Wiggly fingers approaching the armpits can elicit giggles from some people. For others, even a feather caressing the toes will bring about no response. Scientists are perplexed by the variability and the origin of the tickle response. One neuroscientist, David J. Linden, a professor at Johns Hopkins University School of Medicine, explains whether the childlike response is learned or innate and why it is almost impossible to tickle oneself.

The Evolution Conundrum
Some scientists have argued that being ticklish is a defensive reflex against attack, but Dr. Linden finds that explanation wanting. While some ticklish parts of the body would be vulnerable in battle, others, like the toes and feet, wouldn’t result in a mortal wound if struck, he says. He compares being ticklish to having an itch, which most experts believe evolved as a protective measure against infestation by insects or worms. “Itching and tickling are similar in that they are both sensations that demand an immediate physical response,” Dr. Linden says. “We can take that as a clue—that perhaps the tickle response is some sort of reflex gone awry.”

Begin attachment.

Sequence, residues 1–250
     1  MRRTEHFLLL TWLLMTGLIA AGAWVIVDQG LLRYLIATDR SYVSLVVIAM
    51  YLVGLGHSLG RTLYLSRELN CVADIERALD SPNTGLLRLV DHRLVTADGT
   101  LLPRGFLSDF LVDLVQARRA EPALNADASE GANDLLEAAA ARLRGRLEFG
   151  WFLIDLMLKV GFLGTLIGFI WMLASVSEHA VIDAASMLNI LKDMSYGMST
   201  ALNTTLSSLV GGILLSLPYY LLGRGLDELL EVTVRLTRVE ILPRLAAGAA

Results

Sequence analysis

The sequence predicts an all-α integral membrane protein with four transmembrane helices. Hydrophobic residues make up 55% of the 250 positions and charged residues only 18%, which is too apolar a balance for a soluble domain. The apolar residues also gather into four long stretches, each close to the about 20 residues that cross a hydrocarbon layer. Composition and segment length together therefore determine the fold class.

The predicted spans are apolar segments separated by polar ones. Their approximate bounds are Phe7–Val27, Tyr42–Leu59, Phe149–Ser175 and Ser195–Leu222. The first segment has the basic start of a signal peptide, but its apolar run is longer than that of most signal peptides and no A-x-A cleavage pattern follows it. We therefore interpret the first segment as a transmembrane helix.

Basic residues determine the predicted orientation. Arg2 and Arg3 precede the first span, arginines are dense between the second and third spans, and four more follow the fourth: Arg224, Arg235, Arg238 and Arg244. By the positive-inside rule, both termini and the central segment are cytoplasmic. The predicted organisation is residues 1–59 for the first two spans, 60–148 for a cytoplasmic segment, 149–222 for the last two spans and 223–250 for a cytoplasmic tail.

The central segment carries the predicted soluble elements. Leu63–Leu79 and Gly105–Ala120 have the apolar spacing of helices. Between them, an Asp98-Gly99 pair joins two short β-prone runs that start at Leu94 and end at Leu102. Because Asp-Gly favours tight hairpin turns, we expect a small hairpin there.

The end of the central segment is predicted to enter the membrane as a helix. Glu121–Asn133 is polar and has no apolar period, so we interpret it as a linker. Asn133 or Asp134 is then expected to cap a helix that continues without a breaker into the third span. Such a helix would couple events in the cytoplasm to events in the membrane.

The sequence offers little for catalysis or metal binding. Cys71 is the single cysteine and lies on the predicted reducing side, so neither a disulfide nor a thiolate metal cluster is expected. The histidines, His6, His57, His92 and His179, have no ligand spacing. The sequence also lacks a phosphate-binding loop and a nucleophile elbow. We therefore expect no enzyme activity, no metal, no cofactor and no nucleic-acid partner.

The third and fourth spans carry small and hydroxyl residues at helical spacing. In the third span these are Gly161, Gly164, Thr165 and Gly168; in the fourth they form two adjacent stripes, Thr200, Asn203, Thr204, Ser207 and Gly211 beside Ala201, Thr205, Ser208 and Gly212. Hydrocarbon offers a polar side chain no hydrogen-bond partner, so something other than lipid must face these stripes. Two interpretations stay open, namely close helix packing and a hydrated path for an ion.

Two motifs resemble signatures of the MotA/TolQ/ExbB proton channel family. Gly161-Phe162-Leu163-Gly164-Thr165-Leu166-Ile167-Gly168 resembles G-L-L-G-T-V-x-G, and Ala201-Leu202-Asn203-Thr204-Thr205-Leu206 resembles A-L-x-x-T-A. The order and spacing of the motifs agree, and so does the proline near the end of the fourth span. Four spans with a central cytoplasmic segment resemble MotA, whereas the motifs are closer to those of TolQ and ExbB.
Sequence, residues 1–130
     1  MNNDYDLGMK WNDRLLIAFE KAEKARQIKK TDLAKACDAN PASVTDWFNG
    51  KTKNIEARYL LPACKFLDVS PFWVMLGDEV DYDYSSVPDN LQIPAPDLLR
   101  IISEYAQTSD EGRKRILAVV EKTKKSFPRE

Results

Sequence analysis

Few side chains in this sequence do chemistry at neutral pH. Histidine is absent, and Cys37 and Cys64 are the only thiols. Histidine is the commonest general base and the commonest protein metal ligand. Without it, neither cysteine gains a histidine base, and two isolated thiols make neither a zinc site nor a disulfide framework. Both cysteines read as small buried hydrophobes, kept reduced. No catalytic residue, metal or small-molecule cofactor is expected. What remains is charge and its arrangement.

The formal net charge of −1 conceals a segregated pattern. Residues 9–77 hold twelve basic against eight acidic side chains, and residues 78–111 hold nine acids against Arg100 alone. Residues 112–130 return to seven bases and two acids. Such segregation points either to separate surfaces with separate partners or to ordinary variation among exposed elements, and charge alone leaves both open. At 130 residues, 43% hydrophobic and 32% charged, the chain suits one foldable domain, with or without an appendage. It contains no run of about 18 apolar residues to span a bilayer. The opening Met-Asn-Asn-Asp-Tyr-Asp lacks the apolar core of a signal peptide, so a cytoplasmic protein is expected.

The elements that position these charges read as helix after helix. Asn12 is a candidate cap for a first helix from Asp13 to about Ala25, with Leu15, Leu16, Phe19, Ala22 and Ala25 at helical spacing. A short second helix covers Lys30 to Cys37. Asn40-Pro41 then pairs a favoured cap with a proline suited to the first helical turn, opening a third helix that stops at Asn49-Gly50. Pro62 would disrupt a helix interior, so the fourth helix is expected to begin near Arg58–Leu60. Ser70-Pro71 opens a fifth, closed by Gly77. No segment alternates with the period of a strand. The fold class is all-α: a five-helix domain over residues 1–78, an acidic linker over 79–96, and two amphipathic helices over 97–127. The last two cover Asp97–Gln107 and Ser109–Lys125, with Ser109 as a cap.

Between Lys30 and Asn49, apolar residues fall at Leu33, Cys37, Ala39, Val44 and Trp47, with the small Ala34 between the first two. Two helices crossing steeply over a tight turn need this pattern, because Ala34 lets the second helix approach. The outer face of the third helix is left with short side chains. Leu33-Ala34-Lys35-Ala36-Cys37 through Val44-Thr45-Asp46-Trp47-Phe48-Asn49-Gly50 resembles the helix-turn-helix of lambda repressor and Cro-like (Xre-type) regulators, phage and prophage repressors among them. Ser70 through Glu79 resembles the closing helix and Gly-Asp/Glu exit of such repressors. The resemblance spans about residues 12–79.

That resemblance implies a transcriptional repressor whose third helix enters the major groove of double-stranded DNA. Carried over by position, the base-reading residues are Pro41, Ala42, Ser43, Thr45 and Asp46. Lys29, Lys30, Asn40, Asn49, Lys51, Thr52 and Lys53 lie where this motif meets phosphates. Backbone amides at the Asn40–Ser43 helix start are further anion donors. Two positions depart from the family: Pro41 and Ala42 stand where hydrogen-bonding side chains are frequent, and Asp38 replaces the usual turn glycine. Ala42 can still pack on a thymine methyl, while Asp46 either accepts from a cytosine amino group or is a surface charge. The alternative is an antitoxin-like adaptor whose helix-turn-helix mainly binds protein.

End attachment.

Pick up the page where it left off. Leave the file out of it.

Still, the neuroscientist says, “We honestly don’t know why humans are ticklish.”

A Cross-Cultural Phenomenon
Dr. Linden says there is no indication being ticklish is inherited. He has seen tickling across every culture, and says the behavior is often informed by social norms, taboos and the setting in which it takes place. “If someone is really angry, you can’t tickle them,” he says.

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